The Liv-ex Fine Wine Index is universally considered a benchmark. So if you see the press talk about the wine market, so to say, they’d be quoting this index, which is a bundle of the most frequently traded wines. Long-term growth on these is a shade over 10 per cent, close to 11 per cent. But if we were to only do 10 per cent, there wouldn’t be any purpose of us being in the business. So we aim for far greater returns. The reason we can do much better, sometimes around 20 per cent a year, is because occasionally, you get a wine that goes up so stratospherically that people get a really significant profit on their investment portfolio in a short space of time, which gives the whole thing a shot in the arm.

What are the top performing wines in your portfolio currently?

Right now, the areas I’m more excited about might surprise you a little bit. Traditionally, you would find it wisest to invest in the top chateau from Bordeaux, and the very top chateau from Burgundy. At the moment, the top Bordeaux isn’t doing very much in the market, and the top Burgundy is at stratospheric prices. So the exciting area for me is the second tier of Burgundies that haven’t yet moved in the way that the top ones have. The marketplace is very polarised. There are wines trading from 130,000- 150,000 GBP per case to something that sells at 200,000-300,000 GBP per case. Italian wines are also very exciting. Over the last ten years, they have struggled to keep pace with the French wines. A little clutch of wines called Super Tuscans, though, has done really well in the last few years. It means some of the more traditional wines like Barolos, Brunellos and Barbarescos are showing good returns.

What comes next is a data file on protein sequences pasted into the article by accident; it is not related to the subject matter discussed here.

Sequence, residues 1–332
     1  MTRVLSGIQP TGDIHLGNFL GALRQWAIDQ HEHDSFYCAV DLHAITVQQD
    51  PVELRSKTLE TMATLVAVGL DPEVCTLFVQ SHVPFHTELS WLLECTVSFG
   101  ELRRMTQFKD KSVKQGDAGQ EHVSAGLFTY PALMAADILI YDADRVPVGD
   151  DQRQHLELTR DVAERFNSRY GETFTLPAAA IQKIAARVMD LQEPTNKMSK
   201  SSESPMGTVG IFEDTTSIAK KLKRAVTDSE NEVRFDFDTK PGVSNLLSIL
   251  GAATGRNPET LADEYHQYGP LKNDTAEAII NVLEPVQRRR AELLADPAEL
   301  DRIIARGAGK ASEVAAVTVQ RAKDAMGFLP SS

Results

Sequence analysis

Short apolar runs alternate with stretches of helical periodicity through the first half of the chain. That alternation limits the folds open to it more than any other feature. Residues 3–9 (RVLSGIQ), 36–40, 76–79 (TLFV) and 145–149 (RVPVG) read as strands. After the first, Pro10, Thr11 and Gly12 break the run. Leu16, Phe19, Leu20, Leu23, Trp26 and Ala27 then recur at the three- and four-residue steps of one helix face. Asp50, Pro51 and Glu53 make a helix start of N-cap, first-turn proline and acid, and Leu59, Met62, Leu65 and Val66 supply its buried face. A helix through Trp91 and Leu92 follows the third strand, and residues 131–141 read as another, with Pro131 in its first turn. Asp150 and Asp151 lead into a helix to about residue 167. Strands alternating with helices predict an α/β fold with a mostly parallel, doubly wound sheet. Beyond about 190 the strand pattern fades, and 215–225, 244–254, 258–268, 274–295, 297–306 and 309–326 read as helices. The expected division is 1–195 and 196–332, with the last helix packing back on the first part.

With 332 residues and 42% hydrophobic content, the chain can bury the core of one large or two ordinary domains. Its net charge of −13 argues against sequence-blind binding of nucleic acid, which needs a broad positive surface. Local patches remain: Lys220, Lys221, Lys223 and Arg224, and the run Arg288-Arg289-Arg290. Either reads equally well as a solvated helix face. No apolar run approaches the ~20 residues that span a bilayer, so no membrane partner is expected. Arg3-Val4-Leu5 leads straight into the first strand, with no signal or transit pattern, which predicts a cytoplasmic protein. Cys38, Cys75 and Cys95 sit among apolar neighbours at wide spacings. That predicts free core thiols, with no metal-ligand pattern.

What is the size of your current portfolio?

We have a computer program in which we’ve put in all of the wines we’re interested in. There are as many as 3,000 that we are analysing and tracking the prices of. However, only around 300 of those are in our portfolio. Sometimes, we will choose to avoid a wine because the secondary market may present some sort of difficulty when it comes to selling the wine. If you can’t sell it, you can’t buy it. At the moment, our clients have a combined investment of around 20 million GBP in fine wine.

 

Would you add any wines to your portfolio on recommendations from clients?

Of course. Our business is also about experiencing and enjoying wine, which is why we do many tastings. But what we do say to our investors when they are starting out is that they need to be pragmatic about selling these wines in 3-5 years, and not get emotionally attached to them. You need to understand scarcity – every time a bottle from a particular vintage gets drunk, its value increases. Connoisseurs and collectors make their decisions very differently, so we have to adapt to all kinds of cases.